What Jeff has to say about Megnut’s article is very interesting, if a touch erudite for my beer-and-sausages self. Indeed, I wonder if those are the sorts of underpinnings from which she was working when she conceived the piece, and that I just missed the deeper nuances in my rush to poo-poo it.

Simply put, the structure imposed by the grammatical rules of timestamps, permalinks, etc., results in paratactic information exchange. Each day adds another level of and then. . . which had been largely lost in conventional hypertext documents. In hypertext, there doesn’t have to be a then, only rhizomatic patterns of connection. Blogging imposes a structure which makes hypertext more functional as a medium. The first generation “link blogs” are entirely paratactic, compared to the hypotactic, subordinating [dare I say tree-like] nature of first generation personal home pages. Hypotaxis was derived from print literacy. Link blogs are in essence far more oral and conversational.

If so, I owe her an apology. This, I can see flowering into something interesting. If the structure imposed by the grammar of blogging (as I think Jeff is describing the subject of Meg’s piece) does indeed move us back closer to the roots, to the orality of the storyteller as he tells the tale of the hunt, lit by the light of the campfire (my image, but the one that strikes me each time Jeff talks about this stuff), then I’m much more interested than once I was in the implications of mechanics.
Thank you, Jeff. And Meg, regardless of whether or not she was thinking these sorts of Big Thoughts when she wrote the piece, for giving us grist for this kind of discussion.
As my old pappy used to say : faskinatin’.


Join the conversation! 4 Comments

  1. Yes, that’s it. Meg’s piece is about Bloglish Grammar, while you’re speaking of Bloglish Literature.
    I’ve completely lost track of which comment is attached to which whatever (‘shall I pour?’ was beautiful, Eeksy), but for what it’s worth, my last comment on all this is:
    One point of yours that bears dwelling on, and clearly fueled Matt’s irritation, was ‘Lead, or get out of the way’. Matt and Meg didn’t ask to be appointed leaders: by virtue of their leading at an early stage (MeFi, Blogger) they became so by default, and deservedly so, but I imagine it’s pretty tiring and tiresome for them at times.
    Now they, and other early bloggers, have books in the pipeline, and pretty soon the market will be flooded. The existence of half a dozen blog books will make publishers less likely to pick up anyone else’s proposal to write the Definitive Book on Blogging, at least for a while. So in that sense, the blogroots book and the others are ‘in the way’. We in the blogging community hope that those books will tell the story properly (whatever ‘properly’ means), because they’ll be the last chance to tell that story – the story of the early days and the initial explosion in blogging – in quite the same way. Future blog books will have a different spin, and will cast the early history in the light of whatever comes next.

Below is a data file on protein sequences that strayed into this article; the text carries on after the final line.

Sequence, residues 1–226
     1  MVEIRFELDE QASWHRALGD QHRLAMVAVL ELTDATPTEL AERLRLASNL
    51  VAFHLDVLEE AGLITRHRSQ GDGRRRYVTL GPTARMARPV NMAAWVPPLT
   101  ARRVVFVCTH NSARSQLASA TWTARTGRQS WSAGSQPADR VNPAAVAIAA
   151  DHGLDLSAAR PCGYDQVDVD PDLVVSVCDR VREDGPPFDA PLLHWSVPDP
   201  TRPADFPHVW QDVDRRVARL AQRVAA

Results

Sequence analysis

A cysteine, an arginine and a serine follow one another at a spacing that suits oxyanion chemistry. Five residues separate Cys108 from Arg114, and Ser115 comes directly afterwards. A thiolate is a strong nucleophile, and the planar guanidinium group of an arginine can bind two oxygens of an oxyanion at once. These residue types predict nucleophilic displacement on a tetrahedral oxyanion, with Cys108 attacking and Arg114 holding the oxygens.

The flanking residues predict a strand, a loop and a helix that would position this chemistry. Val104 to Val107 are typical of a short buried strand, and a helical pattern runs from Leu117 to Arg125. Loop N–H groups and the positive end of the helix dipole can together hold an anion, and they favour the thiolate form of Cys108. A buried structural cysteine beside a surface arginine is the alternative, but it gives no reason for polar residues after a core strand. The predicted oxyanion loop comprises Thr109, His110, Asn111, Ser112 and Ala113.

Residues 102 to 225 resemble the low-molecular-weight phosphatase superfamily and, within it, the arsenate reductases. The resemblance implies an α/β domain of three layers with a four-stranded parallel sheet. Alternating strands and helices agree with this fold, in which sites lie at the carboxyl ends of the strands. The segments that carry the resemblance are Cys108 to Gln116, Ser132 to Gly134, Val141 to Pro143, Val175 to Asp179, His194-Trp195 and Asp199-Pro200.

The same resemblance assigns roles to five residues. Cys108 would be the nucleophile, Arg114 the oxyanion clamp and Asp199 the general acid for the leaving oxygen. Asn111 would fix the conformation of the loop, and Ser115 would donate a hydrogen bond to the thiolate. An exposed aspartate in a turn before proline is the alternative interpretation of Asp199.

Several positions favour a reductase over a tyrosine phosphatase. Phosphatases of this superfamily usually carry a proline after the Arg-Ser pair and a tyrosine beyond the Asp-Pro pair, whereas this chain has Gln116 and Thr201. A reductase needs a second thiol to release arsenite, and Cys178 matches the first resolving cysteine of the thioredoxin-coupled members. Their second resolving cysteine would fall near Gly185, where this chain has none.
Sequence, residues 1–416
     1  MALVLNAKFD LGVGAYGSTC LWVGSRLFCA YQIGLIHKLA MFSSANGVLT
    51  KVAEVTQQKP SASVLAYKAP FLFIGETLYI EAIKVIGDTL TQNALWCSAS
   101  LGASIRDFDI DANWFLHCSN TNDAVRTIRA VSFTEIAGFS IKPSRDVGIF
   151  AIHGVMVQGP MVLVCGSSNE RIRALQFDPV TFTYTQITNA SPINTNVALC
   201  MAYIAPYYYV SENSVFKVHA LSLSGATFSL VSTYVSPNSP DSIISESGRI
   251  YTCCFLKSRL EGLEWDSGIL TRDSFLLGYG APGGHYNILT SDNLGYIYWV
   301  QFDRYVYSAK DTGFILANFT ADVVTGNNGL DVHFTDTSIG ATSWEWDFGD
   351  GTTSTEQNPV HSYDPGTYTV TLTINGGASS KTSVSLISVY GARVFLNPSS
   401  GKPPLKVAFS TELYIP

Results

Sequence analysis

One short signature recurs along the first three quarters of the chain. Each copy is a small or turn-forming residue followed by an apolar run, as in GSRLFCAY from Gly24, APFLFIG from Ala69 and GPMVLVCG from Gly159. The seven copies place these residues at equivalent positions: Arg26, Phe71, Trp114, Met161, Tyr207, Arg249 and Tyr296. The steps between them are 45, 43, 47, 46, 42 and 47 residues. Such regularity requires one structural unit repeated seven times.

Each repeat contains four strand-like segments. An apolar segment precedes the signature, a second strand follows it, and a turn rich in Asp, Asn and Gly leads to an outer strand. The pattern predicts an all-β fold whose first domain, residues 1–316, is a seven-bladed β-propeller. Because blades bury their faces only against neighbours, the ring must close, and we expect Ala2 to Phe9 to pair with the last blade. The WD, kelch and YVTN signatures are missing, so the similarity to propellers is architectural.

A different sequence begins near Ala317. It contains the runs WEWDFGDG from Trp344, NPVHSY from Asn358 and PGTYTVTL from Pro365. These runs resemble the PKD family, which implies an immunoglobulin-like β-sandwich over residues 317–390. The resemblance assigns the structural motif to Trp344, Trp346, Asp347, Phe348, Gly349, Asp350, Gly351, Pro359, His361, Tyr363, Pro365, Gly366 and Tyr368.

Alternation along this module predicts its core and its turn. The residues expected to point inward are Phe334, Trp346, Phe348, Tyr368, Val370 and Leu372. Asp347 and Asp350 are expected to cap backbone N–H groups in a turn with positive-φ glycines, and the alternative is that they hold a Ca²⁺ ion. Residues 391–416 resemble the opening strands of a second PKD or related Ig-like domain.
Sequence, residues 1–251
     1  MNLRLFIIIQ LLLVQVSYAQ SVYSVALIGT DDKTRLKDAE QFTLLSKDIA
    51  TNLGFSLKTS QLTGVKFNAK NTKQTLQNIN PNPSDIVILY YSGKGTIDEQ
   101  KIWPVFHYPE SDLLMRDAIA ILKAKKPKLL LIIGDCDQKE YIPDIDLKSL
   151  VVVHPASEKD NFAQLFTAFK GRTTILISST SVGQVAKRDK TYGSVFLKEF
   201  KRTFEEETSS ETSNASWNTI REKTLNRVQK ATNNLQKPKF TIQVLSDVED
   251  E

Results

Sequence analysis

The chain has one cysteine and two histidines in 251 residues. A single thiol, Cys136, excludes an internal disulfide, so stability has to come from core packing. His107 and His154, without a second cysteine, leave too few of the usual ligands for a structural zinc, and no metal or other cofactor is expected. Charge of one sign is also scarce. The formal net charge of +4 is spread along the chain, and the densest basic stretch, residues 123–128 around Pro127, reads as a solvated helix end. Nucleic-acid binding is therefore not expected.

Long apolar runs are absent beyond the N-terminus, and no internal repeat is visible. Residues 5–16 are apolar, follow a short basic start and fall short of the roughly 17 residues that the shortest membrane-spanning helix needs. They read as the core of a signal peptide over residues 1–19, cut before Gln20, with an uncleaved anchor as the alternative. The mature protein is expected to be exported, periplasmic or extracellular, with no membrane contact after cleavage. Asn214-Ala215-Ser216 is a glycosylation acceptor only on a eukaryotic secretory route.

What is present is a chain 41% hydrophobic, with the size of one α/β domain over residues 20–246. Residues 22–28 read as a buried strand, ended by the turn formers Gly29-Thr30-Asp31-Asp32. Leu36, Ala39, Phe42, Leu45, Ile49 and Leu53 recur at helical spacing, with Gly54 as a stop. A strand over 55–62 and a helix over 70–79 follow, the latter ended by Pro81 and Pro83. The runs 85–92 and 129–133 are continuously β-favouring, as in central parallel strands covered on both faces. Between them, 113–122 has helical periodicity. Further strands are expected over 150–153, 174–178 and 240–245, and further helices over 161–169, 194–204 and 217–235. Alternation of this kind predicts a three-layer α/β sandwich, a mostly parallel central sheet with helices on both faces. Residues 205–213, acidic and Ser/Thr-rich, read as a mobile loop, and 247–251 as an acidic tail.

But for all we (non-Matt/Meg/rcb/etc people) know, the books in the pipeline do capture that spirit. We can’t really tell on the basis of one short article on Bloglish Grammar.

  2. What Jeff describes is very much what I was trying to get at, only I don’t have the experience and knowledge he does to frame the discussion the way he has.

  3. What’s important to remember, I think, is that just as the ‘grammar’ Jeff describes influences how blogs develop as a medium, the way people use blogs will impact how they develop further. Form follows function follows form. Software (or any tool) develops the way it does because it allows users to accomplish what they already want to do, not because it tells them to do things that hadn’t occurred to them. Further innovations follow because the tools already available allow new ideas to be realized, and new desired uses–blog grammar may not dictate blog literature, but the grammar does influence how the literature develops, and the development of a literature strains against and within the ‘limits’ of a grammar, thus expanding the toolkit, thus expanding the literature, etc., ad infinitum.

  4. Meg said : “I don’t have the experience and knowledge he does to frame the discussion the way he has”
    Tell me about it. Sometimes some of these people in this little neighbourhood of ours scare me with their Big Brains. But it’s always wonderful to have your ideas challenged, and sometimes even explained back at you in the context of things you’d not even considered. Happens to me all the damn time – one of the reasons I’m so passionate about this blogging thing.
    What Jeff describes is very much what I was trying to get at
    I don’t regret jumping all over you (well, not too much anyway), Meg, because it turns out that the ensuing discussion has been a useful one, I think, and it might not have happened if somebody hadn’t made a big dissenting noise. I do apologize for jumping so hard, and not looking more closely before I leapt, though…

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